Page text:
Foes of National Airport have renewed their campaign to lower the number of flights there. Their efforts come as airlines are preparing to expand operations at National in response to the end of restrictions imposed after the air controllers' strike last year.
U.S. Transportation Secretary Drew Lewis will study the calls for fewer flights, a spokesman said.
Many federal officials believe that the issue was settled last fall when a detailed policy regulating noise and traffic levels was put in place after years of debate and negotiation.
However, civic activists in the neighborhoods along National's flight path say the policy was only a "first step" and are raising money to renew the fight. Rep. Frank R. Wolf (R-Va.), who argued for the policy last year, and at least two other congressional candidates in Northern Virginia are also seeking to tighten the policy.
The policy provides that scheduled airline landings and/or takeoffs will not exceed 37 per hour, slightly lower than the prestrike levels. It restricts noise and limits total passengers to 16 million a year. It also tries to promote Dulles International Airport, which has unused capacity.
However, when the plan came into effect last November, the controllers' walkout already had forced the Federal Aviation Administration to reduce flights well below the policy's levels. In effect, that made the new policy a growth policy.
Critics' concern grew last week when the FAA, which owns and operates National and Dulles, announced it would lift the strike limits as of Nov. 1 and allow airline operations to rise to the policy ceiling--meaning about 30 more takeoffs and/or landings a day. Airlines met this week at a District hotel to decide how the extra capacity will be divided up.
In response, Wolf wrote to Lewis calling for the levels to stay where they are. The strike showed that a quieter traffic schedule at National Airport was not harmful, Wolf said in an interview. "Why not freeze it now and then allow those additional flights to go out to Dulles?" he asked.
Speaking privately, some federal officials said the policy took years to achieve and is not likely to be changed. It grew from years of studies, public hearings, and negotiations with airlines, civic groups and members of Congress who have opposed attempts to cut traffic at National.
Wolf, who backed the airport policy last year as the best that could be achieved, said his current stance is not an attempt to win votes. "I've been consistent on this," he said." . . . We've always said it the policy was a good first step."
Two other Northern Virginia candidates for the House, Herbert Harris, a Democrat seeking the 8th District seat, and Ira Lechner, a Democrat in the 10th District race, have also criticized the lifting of the strike limits.
Meanwhile, the Coalition on Airport Problems (CAP), an umbrella group linking concerned civic organizations, has embarked on a fund-raising campaign. A questionnaire and request for money sent in May to 10,000 homes in the flight path received a good response, according to vice president Bonnie Newlon. She declined to disclose how much money it had generated. CAP plans to survey another 10,000 homes soon.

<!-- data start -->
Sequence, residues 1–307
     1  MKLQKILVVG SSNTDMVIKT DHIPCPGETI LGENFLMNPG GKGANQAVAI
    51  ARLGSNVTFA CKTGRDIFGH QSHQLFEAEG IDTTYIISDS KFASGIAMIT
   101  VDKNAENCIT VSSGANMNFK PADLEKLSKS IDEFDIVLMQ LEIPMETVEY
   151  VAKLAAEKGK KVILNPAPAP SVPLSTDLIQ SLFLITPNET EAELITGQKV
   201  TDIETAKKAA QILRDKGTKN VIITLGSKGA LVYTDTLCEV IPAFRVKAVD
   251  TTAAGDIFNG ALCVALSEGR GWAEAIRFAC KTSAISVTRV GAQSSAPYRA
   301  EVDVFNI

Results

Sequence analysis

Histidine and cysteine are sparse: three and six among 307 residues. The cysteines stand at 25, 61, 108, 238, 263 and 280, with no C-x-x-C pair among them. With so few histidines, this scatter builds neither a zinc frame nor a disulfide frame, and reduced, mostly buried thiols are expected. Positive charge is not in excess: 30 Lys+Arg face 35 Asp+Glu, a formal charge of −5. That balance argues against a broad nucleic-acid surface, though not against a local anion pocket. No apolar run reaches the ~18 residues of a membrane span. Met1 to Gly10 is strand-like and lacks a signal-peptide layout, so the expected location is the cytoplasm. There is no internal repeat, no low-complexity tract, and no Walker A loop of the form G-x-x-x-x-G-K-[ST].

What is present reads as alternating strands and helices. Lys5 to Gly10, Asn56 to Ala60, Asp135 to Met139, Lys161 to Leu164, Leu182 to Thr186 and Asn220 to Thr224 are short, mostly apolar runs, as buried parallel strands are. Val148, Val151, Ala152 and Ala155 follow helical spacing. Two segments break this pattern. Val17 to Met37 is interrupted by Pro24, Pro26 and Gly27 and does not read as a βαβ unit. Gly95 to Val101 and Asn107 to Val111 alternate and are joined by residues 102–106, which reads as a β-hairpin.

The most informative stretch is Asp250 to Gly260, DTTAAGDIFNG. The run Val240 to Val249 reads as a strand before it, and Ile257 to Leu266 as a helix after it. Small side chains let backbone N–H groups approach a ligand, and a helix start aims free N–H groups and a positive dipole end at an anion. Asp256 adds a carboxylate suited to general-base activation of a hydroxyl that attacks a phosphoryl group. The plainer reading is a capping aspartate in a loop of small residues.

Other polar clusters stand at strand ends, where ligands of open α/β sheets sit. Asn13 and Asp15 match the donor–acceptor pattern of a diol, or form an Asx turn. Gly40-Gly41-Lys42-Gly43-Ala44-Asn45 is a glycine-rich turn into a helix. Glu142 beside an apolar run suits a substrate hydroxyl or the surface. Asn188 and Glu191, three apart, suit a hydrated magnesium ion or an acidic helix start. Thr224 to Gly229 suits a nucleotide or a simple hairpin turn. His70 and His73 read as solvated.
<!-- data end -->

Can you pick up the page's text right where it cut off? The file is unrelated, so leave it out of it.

In its campaigns against the airport, CAP is now stressing alleged safety deficiencies at National. "There's a sense of urgency since the crash that did not exist before," said Newlon, referring to the Air Florida crash in January. The FAA says National is safe.
CAP and Wolf also condemned FAA plans to spend $1.3 million studying how parking lots, buildings and other facilities at National might be improved. Critics argue that money should not be spent to make National more attractive when there is unused capacity at Dulles.
Dulles, which was not among the 23 airports restricted after the strike, has logged an increase in traffic in the last year. This will be threatened by increased capacity at National, CAP and Wolf maintain.
With passenger and plane levels now set by the policy, airport manager Jim Wilding responds, National should try to improve service for those levels and may need to modernize.
Opened during the propeller era of the 1940s, National has long been criticized as substandard for the volume of traffic it handles.
Meanwhile, efforts to promote Dulles continue. Cathy O'Connor, a former Pan American World Airways flight attendant who was based at the airport, turned over to Wolf and Rep. Stan Parris (R-Va.) this week the signatures of 9,000 people who favor more service at Dulles.
The Washington Dulles Task Force, a nonprofit group formed in May, is trying to hire a staff of five before beginning a concerted promotional drive. It is funded by grants from the federal and Virginia state governments and private businesses that have an interest in greater service at Dulles.